Because of the importance of software quality and methods development in the application of earthquake engineering tools, the prototype archive from Task 2.3.1 includes the capability to evaluate software quality and other relevant software tool metadata, e.g., cost, supported computer platforms, etc.

Sample Prototype Archive Content

Sample content from the prototype software tool archive is shown below. Figures 3 and 4 demonstrate sample pages from the tool archive, while Figure 5 shows a page from a backgrounder on effective software development using computational frameworks. Figure 3 presents information related to a popular commercial software package (LS-DYNA), while Figure 4 presents information related to a popular open-source framework (OpenSees, from the PEER project).

Each page of application description content is intended to summarize the general capabilities and salient features of a given software tool. The archive permits finding tools by alphabetical order of name, by associated set of features (e.g., a structural dynamics program), or via special news notes that highlight a specific software development effort or technique.

Ultimately, the software tool archive ought to have a rich metadata structure associated with individual tools, so that engineers can browse and search more easily through the accumulated collection of various tools. At present, standards for such metadata do not yet exist, though this limitation is becoming better-known, and hence this is a natural arena for research and development towards improved usability of the NEES system.

Figure 3: Example Code Archive Page (LS-DYNA)

Figure 4: Example Code Archive Page (OpenSees)

Figure 5: Example Code Archive Page (Frameworks Whitepaper)

Task 2.3.1 Path Forward

The software resource archive has been implemented only in a prototype format, based on web searches performed by students using earthquake-engineering-specific search criteria (these searches have been regularized, and then augmented by specific knowledge of commercial software tools such as LS-DYNA). The resulting archive thus represents potentially only the tip of the iceberg of available software resources, and the current content for tools that can be found in the archive may omit new features that have not been publicized over the web or within the community yet, e.g., extension of a serial version of an application to a newer scalable version.

Thus the most important element in the path forward for Task 2.3.1 is widespread dissemination of the existence and form of the code archive, so that interested software developers can add descriptions of their products to the community software resource base, as well as links to relevant results generated by their software tools.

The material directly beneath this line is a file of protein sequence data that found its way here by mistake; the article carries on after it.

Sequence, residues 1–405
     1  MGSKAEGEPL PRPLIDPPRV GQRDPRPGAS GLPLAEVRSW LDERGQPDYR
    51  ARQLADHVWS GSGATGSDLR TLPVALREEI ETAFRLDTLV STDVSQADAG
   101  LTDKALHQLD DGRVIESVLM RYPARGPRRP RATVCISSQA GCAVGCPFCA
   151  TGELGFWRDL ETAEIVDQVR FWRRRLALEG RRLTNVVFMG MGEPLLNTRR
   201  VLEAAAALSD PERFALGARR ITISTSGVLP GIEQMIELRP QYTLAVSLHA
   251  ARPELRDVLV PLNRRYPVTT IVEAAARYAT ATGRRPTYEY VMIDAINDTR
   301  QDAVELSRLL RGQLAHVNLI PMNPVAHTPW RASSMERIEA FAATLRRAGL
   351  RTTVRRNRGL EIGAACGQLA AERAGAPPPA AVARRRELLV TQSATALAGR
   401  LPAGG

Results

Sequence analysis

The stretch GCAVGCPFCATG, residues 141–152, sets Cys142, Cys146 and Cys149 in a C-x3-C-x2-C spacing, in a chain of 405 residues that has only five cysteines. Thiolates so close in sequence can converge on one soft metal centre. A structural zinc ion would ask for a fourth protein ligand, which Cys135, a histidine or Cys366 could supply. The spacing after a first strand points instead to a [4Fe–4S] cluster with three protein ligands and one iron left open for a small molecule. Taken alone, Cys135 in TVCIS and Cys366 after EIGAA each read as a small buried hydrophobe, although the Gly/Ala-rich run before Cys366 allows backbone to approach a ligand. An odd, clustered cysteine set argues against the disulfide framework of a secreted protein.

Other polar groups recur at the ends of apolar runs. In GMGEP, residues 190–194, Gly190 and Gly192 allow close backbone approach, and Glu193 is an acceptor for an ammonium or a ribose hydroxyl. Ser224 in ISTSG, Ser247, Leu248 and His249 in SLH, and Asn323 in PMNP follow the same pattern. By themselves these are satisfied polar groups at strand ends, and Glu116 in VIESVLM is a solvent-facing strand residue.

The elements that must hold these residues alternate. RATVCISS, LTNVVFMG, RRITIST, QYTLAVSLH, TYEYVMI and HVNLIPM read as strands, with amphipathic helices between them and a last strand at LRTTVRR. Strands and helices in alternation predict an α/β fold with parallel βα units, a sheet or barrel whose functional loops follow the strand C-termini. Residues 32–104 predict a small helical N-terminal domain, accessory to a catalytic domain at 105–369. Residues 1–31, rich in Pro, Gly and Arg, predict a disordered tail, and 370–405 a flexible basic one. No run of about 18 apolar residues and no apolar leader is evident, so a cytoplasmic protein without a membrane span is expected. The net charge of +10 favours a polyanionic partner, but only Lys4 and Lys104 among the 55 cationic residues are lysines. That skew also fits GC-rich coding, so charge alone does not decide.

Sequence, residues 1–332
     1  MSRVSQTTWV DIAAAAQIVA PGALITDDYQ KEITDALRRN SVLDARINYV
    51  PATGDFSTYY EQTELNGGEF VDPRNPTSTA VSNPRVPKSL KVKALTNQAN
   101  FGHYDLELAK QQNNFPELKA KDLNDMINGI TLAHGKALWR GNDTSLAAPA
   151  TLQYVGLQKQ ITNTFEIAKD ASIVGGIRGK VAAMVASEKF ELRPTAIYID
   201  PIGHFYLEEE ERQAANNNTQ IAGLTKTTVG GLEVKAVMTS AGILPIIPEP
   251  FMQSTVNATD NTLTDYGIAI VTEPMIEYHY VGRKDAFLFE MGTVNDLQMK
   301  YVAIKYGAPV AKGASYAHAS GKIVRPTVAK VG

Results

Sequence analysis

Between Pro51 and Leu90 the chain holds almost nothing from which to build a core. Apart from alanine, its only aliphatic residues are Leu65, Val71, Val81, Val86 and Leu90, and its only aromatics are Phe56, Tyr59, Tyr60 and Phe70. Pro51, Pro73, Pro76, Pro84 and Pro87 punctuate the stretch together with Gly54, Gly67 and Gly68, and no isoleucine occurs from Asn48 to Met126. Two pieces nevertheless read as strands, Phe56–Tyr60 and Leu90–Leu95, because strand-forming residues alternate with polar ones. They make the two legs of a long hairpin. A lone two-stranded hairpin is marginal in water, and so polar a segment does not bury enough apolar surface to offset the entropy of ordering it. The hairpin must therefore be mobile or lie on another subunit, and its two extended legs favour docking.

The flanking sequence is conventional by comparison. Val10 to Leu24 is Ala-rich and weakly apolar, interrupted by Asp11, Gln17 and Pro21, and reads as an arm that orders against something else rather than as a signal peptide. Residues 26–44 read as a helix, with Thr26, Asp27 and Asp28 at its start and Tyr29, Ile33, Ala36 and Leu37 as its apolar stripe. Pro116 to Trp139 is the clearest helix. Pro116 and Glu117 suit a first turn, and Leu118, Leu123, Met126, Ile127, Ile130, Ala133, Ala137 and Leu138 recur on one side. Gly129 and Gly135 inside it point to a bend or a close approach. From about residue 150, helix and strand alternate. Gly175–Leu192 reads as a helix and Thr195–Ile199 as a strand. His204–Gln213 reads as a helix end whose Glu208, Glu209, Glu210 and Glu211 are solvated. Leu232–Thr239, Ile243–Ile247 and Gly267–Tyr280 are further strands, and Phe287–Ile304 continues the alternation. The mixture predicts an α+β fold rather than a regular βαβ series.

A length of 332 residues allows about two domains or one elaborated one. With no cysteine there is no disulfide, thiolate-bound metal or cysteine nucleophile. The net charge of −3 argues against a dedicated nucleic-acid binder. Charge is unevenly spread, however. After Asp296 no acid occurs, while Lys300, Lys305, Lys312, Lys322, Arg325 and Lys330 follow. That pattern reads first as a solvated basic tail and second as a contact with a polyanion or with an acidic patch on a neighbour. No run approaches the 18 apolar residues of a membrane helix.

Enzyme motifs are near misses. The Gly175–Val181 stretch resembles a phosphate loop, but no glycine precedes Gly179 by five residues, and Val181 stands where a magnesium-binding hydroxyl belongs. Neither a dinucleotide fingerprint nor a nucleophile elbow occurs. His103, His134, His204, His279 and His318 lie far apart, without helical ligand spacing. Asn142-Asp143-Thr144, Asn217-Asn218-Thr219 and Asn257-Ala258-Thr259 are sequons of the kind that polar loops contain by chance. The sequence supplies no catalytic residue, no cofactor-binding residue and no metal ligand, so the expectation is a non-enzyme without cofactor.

Report on Task 2.3.2

Task 2.3.2 provides for a prototype archive of content developed using various available software tools, so that researchers and practitioners in earthquake engineering can find content that can be used for training, education, outreach, validation, or public relations efforts. This task is thus superficially similar to Task 2.3.1, but targeted towards content resources instead of software resources.

The Role of Digital Content

From a practical standpoint, digital content (i.e., data organized into information that is stored digitally as web-accessible content) may be found in a much broader variety of forms than would be appropriate for software, e.g., content can include reports, publications, backgrounders, FAQ’s, images, animations, or other forms of representation. In addition, one of most useful forms of content is a list of appropriate applications for modeling a given class of problem, so that such content includes references to the archive of Task 2.3.1 as a special case.

Thus the templates used for Task 2.3.2’s prototype implementations are less standardized than those found in Task 2.3.1, and the path forward’s call for new content resources must also reflect the greater variety of digital content.

There are several natural (and non-exclusive) classifications of content use:

  • Education, including both university and K-12 components
  • Outreach, including dissemination of results to the general public
  • Training, including continuing education and certificate programs for practitioners
  • Validation, where software applications can be tested against experimental or computational content for validation or verification purposes, respectively
  • Publication, including community-oriented technical reports and papers

In addition, unlike the situation in Task 2.3.1 (where most software developers would prefer to maintain their own local repositories of source and object files), many content developers would prefer storing and disseminating their content from a remote location, e.g., the centralized data repository of the NEES project.